The Pathos of Politics (113-4) Medieval Punishment

Medieval Punishment

The Germanic tribes that fell Rome and took over much of Europe crafted simpler laws: there was little need for the learned law of a lost empire. Germanic laws were chiefly concerned with establishing the rights of kings and regulating the settlement of private disputes. Public law had a rudimentary place. Prisons merited only occasional mention.

Those accused of a crime spent time in jail until their trial. Otherwise, prison continued to be an exceptional punishment in medieval times. Kings sometimes used monasteries to imprison captured rebels, but the duration of incarceration was typically weeks or months, not years.

Fines were common for minor crimes, including as settlement for simmering blood feuds between families. Only those who owed large sums of money languished in prison during the Middle Ages. They were held only until their family paid off the debt.

Those guilty of moral wrongdoings, such as public drunkenness or slander, were sometimes beaten with clubs.

Violent or repeat criminals might be put into stocks or a pillory in the town square. Stocks were heavy frames of wood or iron which held criminal’s ankles, rendering an offender immobile. There a criminal sat, where a passerby might enjoy pelting the miscreant with rotting vegetables or rocks. Those in stocks were only allowed to defend themselves against those who laughed at them.

Nobles were not usually placed in stocks, but almost anyone else who committed a crime could end up in them, including monks and nuns.

A more severe punishment was the pillory. Pillories were wooden or iron frames that held the heads, hands, and sometimes feet of criminals.

Those pilloried were forced to stand in a hunched-over stance for hours or days at a time. Pillories were more painful than stocks, and offenders had no means to defend themselves against assault.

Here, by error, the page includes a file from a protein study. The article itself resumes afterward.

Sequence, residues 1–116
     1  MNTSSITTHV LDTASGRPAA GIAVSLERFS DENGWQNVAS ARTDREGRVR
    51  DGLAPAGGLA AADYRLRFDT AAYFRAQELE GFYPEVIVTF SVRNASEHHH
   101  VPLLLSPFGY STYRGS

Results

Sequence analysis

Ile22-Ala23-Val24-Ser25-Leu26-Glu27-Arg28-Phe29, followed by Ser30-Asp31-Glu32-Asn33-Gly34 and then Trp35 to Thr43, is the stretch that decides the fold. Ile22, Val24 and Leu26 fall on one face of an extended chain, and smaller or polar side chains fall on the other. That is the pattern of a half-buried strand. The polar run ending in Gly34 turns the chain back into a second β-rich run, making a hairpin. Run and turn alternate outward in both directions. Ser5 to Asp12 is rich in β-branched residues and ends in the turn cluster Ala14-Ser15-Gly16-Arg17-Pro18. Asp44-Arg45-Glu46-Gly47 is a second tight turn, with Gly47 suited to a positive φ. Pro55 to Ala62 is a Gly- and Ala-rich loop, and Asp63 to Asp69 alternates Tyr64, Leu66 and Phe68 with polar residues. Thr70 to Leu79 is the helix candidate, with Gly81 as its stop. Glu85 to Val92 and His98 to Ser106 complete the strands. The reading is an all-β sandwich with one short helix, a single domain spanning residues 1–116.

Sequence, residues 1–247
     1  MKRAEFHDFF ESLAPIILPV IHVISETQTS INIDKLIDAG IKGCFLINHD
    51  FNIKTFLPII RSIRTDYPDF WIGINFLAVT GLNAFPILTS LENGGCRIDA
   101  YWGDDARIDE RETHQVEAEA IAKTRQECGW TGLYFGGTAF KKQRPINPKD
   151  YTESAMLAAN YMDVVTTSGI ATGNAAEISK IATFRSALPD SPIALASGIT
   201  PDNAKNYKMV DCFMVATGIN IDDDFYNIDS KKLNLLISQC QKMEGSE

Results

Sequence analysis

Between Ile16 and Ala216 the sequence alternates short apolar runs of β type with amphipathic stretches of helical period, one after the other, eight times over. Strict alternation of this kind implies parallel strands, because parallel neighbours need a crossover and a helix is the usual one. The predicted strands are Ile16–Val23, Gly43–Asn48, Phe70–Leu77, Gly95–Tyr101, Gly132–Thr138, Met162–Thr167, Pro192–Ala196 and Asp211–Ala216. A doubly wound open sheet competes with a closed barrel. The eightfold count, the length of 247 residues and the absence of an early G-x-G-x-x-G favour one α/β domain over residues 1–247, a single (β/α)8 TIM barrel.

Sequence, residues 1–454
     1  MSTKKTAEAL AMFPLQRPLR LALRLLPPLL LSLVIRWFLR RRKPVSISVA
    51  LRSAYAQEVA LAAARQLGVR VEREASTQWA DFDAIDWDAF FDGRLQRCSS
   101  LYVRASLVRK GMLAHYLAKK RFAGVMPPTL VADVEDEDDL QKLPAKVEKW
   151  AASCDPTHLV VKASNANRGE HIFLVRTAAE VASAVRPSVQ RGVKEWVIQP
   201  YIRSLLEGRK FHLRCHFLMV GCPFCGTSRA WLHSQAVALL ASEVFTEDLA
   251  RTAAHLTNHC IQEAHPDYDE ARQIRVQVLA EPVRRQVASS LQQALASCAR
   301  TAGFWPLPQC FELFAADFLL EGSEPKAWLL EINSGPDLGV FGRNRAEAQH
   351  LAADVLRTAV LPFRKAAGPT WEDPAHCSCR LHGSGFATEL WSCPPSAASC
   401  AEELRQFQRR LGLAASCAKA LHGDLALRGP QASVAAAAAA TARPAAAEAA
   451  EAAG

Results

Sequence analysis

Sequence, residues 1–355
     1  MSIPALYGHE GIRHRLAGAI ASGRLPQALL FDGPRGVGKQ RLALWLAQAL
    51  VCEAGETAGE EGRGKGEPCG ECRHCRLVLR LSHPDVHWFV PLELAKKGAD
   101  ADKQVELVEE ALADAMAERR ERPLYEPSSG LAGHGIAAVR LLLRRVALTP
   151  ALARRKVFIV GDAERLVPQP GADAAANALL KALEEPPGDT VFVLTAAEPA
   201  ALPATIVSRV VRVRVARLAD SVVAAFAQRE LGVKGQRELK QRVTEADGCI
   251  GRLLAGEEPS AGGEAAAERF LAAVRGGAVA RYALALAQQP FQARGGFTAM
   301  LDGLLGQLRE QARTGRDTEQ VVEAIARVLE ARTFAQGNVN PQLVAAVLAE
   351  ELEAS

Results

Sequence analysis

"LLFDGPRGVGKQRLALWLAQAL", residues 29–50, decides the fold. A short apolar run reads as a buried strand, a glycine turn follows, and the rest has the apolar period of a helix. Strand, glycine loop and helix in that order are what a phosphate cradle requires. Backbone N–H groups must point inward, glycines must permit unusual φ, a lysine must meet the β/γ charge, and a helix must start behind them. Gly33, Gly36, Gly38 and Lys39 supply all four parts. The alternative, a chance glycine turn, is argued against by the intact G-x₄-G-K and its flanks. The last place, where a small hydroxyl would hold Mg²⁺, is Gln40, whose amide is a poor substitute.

The Chinese used a cangue in lieu of a pillory. A cangue was a large, heavy wooden collar. Standing with a cangue about the neck was exhausting.

Thieves and those guilty of assault were sometimes banished, losing all legal rights and property. Those who took in the banished themselves became outlaws. Towns that protected outlaws might have their walls destroyed by the king’s soldiers.

Manslaughter and murder were hanging crimes. Properly done, the drop in a hangman’s noose broke the neck, resulting in a quick death. Instead, hangmen often tied the knot wrong, letting a criminal suffer strangulation, and so give a better show.

While men might be hanged, most women were instead garroted. Considered more dignified than swinging at the end of a rope, it spelt a slower death.

Nobles sentenced to death were beheaded. Supposedly a statelier departure, a condemned noble knelt down with his head on a wooden block. In one stroke, an executioner parted the head from the body with an axe or sword.

Treason – conspiring against royalty – might draw only exile. More often, traitors were dragged behind a horse to the public square, where they were hanged. Then, after cutting out hearts and stomachs, their bodies were quartered. Sometimes a traitor’s remains were left on display as a deterrent to those not kindly disposed to royalty.

The most flamboyant death sentence was being burned alive. This torturous execution was especially favored by church authorities for more than symbolic reasons. Being roasted to death was an unusual punishment except for arsonists, who got a terminal taste of their own medicine.

Physical medieval punishments were public displays and popular entertainment. Those drawn by horse to the town square for hanging often created a procession, with spectators following in the condemned man’s wake.

Showing an early inclination for innovation, medieval Japanese creatively executed criminals. A condemned man might alternately be impaled, beheaded with a metal saw, or strung up and repeatedly skewered before the finale of slashing the throat to bleed out.